Florida GOP serving politics, not people on health care reform

August 15, 2013 

Florida's Republican leadership appears hellbent on sabotaging implementation of the Affordable Care Act in the state, continuing to play ideological politics instead of showing concern for people's pocketbooks and health.

The Legislature passed a law this year that deregulates certain health insurance policies over the next two years and orders insurers to submit forms to clients that outline policy costs that can be pinned to ACA, commonly called Obamacare.

Passed in the waning days of the legislative session and little noticed, the law repeals state review of health insurance rates on policies issued after March 2010. The requirement to document charges because of ACA is dubious at best with all the dramatic and improved coverage changes.

The law further undermines ACA by prohibiting the state from enforcing the consumer protections in the act -- yet another injustice on Floridians.

Without state oversight of insurance rates, Florida health regulators estimated premiums will increase as much as 40 percent for individual policies and 20 percent for small business coverage -- although the expansion of benefits are partly responsible and federal subsidies will cover some of that cost in many instances.

But a new study by the U.S. Department of Health and Human Services determined plan costs would be about 20 percent lower than the estimates produced by the nonpartisan Congressional Budget Office.

Americans earning up to 400 percent of the federal poverty level qualify for vouchers on a sliding scale. Individuals with incomes between $15,971 to $45,960 will be eligible for the tax subsidies as will families of four with incomes from $23,500 to $94,200.

The law's advocates -- including Gov. Rick Scott -- claim the federal government will review rates, this despite the fact that ACA did not empower Washington to regulate premiums.

That false assertion is only the latest manifestation of the GOP's open hostility toward Obamacare. The resulting politics over people position denies residents an equitable stake in health care.

Florida also rejected millions in federal grants that would have paid for the creation of health insurance exchanges, allowing residents to compare policies and premiums and purchase the best product for their circumstances. Oregon, on the other hand, received $303 million in grants for research, planning, information technology development, and implementation of its health insurance marketplace. Florida defaulted that task to the federal government.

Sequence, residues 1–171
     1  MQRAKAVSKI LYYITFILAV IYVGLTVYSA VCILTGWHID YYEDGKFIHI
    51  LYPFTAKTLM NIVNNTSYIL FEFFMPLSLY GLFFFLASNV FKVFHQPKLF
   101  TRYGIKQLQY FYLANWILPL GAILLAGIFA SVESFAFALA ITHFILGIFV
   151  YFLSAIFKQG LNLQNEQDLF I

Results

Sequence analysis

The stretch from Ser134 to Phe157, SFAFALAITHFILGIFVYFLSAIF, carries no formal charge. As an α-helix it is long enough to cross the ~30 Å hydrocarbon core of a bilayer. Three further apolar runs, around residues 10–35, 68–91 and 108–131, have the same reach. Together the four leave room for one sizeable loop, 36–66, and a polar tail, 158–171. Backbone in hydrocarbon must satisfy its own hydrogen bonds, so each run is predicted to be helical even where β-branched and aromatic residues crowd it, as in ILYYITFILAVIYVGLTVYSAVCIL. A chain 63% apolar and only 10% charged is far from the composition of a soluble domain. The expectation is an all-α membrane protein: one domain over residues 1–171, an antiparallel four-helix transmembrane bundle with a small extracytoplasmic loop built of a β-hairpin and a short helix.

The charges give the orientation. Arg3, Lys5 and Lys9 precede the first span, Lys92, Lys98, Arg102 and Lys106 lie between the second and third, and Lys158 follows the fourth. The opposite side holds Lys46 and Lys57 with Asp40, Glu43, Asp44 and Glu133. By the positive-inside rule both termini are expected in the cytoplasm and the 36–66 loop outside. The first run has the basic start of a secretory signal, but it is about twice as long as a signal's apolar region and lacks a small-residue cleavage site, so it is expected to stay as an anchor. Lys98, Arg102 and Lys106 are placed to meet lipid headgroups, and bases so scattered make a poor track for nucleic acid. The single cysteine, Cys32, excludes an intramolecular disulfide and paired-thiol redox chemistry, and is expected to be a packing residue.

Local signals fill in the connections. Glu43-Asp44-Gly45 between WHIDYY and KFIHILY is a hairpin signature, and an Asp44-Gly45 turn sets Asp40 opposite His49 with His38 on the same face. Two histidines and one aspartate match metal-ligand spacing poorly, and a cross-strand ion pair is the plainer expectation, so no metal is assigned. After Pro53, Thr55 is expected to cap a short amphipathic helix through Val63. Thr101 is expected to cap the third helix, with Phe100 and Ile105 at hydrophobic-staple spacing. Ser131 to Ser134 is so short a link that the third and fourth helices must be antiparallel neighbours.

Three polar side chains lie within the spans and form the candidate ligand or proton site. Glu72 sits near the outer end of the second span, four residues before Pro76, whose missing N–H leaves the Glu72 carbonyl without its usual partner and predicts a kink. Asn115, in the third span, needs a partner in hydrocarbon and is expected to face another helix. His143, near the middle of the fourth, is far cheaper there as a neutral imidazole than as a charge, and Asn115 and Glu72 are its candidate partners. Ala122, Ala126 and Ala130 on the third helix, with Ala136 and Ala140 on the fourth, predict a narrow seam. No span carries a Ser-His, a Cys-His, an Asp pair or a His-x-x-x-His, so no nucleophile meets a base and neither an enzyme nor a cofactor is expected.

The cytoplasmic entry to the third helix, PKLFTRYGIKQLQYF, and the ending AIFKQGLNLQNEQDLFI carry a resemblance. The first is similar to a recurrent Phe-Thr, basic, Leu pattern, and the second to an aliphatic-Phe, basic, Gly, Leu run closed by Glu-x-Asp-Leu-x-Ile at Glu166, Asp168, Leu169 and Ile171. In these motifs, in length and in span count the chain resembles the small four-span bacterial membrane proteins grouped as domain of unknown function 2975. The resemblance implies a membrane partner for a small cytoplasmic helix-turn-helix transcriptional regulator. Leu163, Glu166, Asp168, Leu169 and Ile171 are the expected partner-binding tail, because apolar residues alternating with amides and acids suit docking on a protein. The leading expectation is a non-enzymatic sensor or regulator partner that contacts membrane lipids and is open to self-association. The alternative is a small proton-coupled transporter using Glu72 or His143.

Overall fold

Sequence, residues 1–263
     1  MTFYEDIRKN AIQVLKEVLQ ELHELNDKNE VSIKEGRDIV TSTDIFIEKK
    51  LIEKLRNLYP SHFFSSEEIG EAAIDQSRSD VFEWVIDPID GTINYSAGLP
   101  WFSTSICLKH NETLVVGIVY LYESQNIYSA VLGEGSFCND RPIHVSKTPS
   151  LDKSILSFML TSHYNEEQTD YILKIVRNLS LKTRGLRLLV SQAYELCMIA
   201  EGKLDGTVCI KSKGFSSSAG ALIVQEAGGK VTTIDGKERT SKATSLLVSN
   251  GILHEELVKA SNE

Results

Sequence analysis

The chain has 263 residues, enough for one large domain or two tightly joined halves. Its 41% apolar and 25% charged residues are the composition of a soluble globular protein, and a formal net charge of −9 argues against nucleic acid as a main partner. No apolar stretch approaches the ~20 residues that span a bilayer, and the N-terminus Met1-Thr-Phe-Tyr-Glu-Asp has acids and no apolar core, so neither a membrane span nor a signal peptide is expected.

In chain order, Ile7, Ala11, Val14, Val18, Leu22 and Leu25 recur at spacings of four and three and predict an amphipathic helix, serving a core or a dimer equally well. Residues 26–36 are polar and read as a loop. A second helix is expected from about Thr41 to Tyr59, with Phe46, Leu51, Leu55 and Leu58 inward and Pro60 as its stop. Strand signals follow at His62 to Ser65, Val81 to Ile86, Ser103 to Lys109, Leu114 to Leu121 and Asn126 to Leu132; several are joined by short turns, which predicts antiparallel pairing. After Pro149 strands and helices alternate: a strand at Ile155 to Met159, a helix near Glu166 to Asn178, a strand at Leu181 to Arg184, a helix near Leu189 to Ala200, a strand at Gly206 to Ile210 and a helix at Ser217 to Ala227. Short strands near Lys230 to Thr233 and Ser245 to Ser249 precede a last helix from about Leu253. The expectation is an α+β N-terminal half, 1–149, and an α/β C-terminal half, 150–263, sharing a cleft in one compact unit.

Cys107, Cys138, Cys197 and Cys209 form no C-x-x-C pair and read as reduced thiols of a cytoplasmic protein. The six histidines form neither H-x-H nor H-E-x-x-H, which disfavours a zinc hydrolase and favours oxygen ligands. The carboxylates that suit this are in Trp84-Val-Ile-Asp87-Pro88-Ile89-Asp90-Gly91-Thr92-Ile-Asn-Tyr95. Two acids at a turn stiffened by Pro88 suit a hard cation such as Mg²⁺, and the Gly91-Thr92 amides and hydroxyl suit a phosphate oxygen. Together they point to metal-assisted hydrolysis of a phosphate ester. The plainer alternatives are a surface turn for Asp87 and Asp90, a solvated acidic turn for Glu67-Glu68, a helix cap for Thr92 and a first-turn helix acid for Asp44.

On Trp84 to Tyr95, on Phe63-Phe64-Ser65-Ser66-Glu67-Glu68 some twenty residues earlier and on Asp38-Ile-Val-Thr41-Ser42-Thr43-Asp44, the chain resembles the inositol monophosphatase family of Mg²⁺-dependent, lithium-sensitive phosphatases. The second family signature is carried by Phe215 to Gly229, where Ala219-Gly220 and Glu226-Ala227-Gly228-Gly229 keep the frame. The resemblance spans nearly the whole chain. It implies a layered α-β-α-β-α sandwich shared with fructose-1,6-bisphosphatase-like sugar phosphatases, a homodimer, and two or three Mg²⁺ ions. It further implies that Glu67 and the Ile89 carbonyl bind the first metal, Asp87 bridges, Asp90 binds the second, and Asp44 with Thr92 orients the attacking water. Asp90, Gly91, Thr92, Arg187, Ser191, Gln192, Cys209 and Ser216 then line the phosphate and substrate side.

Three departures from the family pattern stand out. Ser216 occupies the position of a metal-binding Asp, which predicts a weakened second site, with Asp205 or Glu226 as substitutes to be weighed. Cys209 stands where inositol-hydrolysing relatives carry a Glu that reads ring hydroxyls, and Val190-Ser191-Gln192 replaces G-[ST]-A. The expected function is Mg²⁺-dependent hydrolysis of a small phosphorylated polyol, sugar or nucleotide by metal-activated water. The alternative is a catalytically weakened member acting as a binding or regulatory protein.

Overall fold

By failing to authorize a Florida marketplace, the Legislature abdicated its responsibility to negotiate lower rates with insurance carriers as other states have done. Indeed, lawmakers went in the opposite direction with the draconian new law -- by blocking state insurance regulators from any rate negotiations with companies placing health plans on the federal exchange.

The Legislature's refusal to expand Medicaid under ACA robs the state of $51 billion over a decade, more jobs in the health and hospital industry, and leaves 1 million or more poor residents without any health program. Medicaid expansion was their only lifeline to health care under ACA since the working poor earn too much to qualify for regular Medicaid but not enough to be eligible for ACA's tax subsidies.

The Legislature in effect abandoned these poor residents -- as well as taxpayers and hospitals, as both will continue to be saddled with indigent care costs.

The Affordable Care Act is the law of the land, as approved by the U.S Supreme Court. Republicans would have to control the White House, Senate and House in 2016 to repeal the law. In that time span, Americans will have some evidence of the law's impact on society.

Instead of shameless political posturing, Florida's GOP leaders should be serving residents as the nation transitions into a new health care system.

They should be held accountable moving forward as the new health insurance marketplaces open Oct. 1 and policies written under ACA become effective Jan. 1.

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